Christian presence in Holy Land under existential threat, says Armenian Patriarchate of Jerusalem following increased pressure over controversial land deal

JERUSALEM — The Armenian Patriarchate of Jerusalem issued a statement appealing to all Christian communities in the city to rally behind the Armenian Patriarchate, emphasizing the need to safeguard the Christian presence in Jerusalem and the Holy Land.

The Patriarchate released the statement as tensions over a shady land deal made in July of this year and cancelled by the Patriarchate shortly thereafter, increase amidst the backdrop of the intensified Israel-Hamas conflict in Gaza and increased settler violence in the West Bank.

The statement expressed concern that, rather than addressing the cancellation through legal channels, the Patriarchate’s legal position was disregarded. The response instead involved provocative actions, aggression, and other disruptive methods, including the destruction of private property.

Highlighting recent events, the statement noted the unauthorized destruction of a significant area within the Armenian Quarter. Despite lacking permits from the municipality or police, the Armenian community voluntarily evacuated the affected area.

In light of these challenges, the statement called upon all Christian communities in Jerusalem to stand in solidarity with the Armenian Patriarchate during these difficult times. The appeal stressed the importance of avoiding actions that could jeopardize the Christian presence in Jerusalem and the broader Holy Land.

Members of the Armenian community in Jerusalem protest against a controversial real estate deal in July 2023. (Image: Maya Alleruzzo / AP Photo)

Cancelled Land Deal and Defrocked Priest

In July 2023, a controversial real estate deal was struck involving approximately 25% of the Armenian Quarter within the Old City walls. A 99-year lease was granted ostensibly by the Patriarchate to a commercial entity owned by a Jewish-Australian businessman. The leased land includes a large parking lot, a significant open space in the densely built ancient city, and holds cultural and community landmarks such as the Armenian seminary, homes, a restaurant, a printing press, and a cultural hall.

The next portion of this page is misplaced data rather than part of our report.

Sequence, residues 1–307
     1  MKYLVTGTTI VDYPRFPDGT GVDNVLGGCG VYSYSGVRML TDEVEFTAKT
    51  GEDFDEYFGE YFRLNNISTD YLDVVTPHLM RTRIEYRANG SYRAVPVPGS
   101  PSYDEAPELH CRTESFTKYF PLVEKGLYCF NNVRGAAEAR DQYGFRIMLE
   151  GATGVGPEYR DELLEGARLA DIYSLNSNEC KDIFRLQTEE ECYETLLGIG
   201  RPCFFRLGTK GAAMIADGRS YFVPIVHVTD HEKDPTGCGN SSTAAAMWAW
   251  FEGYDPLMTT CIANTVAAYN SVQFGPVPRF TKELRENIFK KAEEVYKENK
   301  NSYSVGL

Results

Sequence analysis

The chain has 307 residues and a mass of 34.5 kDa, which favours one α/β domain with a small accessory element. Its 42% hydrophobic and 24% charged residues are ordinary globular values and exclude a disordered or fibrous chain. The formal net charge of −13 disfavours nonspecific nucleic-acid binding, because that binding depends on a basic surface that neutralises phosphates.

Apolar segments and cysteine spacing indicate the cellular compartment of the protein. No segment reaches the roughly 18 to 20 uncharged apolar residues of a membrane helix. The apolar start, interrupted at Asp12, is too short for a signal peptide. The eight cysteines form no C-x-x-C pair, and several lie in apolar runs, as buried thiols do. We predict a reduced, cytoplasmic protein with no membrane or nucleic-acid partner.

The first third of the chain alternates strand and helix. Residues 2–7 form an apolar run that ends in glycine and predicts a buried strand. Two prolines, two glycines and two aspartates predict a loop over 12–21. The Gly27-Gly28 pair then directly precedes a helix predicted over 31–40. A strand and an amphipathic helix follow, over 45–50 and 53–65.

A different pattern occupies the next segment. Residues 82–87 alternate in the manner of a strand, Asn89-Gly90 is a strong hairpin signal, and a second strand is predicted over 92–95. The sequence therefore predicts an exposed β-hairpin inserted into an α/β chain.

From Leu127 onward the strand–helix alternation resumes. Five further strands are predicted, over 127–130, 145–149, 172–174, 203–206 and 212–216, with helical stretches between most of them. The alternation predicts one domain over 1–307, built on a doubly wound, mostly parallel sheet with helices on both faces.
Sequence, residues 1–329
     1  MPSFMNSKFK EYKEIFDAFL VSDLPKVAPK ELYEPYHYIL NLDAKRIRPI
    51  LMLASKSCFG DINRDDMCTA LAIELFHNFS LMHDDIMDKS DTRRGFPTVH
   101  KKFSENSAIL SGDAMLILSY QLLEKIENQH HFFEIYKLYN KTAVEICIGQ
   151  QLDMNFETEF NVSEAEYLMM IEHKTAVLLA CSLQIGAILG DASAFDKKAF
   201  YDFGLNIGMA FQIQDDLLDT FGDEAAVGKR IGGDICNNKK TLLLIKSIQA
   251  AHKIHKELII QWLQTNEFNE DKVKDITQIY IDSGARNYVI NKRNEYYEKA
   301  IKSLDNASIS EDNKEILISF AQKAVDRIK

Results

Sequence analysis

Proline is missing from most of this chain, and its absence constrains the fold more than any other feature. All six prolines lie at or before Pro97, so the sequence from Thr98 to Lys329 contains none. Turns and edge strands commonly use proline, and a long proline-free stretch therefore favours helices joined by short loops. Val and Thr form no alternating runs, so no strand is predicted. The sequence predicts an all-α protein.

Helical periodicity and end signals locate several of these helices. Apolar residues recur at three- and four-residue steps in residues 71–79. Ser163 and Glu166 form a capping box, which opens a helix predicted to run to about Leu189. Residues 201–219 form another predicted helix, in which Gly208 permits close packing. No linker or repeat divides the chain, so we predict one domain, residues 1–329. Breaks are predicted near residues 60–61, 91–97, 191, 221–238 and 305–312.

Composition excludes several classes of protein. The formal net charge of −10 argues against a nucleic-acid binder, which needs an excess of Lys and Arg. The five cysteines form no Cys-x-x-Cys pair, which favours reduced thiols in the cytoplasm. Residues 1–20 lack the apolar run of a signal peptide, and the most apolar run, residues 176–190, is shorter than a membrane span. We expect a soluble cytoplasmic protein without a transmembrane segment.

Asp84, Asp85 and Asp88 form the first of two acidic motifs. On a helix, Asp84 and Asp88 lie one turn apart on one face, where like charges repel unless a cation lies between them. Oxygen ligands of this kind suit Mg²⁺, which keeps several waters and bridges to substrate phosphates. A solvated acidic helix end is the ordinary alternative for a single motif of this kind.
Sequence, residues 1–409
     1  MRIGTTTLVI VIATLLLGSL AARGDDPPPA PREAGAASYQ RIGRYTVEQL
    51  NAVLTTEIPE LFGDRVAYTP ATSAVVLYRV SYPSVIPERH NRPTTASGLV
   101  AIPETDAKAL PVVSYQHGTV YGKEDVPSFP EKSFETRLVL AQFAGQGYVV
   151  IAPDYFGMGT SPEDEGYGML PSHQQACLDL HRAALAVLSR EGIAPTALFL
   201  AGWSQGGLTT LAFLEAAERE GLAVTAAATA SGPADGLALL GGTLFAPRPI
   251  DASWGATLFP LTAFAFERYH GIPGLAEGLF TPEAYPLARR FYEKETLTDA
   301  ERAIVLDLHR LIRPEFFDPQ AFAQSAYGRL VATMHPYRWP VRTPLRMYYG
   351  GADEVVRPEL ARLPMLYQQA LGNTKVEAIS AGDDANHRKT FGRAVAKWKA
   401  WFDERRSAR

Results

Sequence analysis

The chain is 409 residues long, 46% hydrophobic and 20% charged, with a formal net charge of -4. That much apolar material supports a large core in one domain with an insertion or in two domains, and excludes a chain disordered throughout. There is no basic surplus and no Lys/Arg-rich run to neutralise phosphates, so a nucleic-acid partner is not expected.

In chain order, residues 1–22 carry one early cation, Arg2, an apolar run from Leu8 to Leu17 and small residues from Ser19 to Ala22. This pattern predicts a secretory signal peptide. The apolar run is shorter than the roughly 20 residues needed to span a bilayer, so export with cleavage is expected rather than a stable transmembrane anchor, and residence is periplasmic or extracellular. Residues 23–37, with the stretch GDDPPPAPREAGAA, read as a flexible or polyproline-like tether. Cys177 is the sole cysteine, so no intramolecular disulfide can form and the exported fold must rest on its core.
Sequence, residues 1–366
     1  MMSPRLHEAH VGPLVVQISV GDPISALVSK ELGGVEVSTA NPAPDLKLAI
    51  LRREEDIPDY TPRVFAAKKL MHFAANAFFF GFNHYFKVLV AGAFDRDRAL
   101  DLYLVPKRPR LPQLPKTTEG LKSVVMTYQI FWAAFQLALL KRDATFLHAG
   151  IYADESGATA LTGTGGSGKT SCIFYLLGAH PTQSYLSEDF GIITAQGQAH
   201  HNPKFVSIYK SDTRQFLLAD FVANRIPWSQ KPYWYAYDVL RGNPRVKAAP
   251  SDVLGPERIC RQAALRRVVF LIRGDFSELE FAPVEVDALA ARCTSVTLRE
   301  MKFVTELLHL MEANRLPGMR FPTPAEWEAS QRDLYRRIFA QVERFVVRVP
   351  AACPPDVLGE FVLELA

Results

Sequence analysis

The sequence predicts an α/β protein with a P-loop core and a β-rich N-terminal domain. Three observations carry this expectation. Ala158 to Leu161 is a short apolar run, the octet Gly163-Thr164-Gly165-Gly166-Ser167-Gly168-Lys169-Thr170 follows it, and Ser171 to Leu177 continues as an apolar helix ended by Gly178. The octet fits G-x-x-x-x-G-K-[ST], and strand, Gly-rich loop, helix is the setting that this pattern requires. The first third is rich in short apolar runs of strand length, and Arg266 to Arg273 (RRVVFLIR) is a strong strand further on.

The lease was reportedly signed by Armenian Patriarch Nourhan Manougian, who is now facing accusations from the community for his involvement. The community is deeply troubled by the lack of transparency surrounding the deal, and there are allegations that the Patriarch was deceived by a now defrocked local priest who headed the Church’s real estate department. The Armenian Synod, which oversees the Church’s affairs, claims the deal was done without its oversight, further adding to the controversy.

The situation has political implications given the sensitivity of Jerusalem in the context of the Israeli-Palestinian conflict. The Old City, including the Armenian Quarter, is a focal point for political and cultural struggles, and any significant changes in its social fabric can have far-reaching consequences. Both Palestinian President Mahmoud Abbas and Jordan’s King Abdullah II have suspended their recognition of the Armenian Patriarch, affecting his ability to manage the community’s civil and religious affairs.

The residents are now hoping for intervention from a group of lawyers from the US and Armenia who conducted a fact-finding mission. The community fears that the land lease could lead to displacement, impacting Armenians who have lived in the Armenian Quarter of Jerusalem for centuries and exacerbating existing pressures on the dwindling community. Additionally, the controversy comes at a time when the Christian community in Jerusalem has experienced increased attacks by Jewish extremists, adding another layer of concern for the preservation of the Christian presence in the city.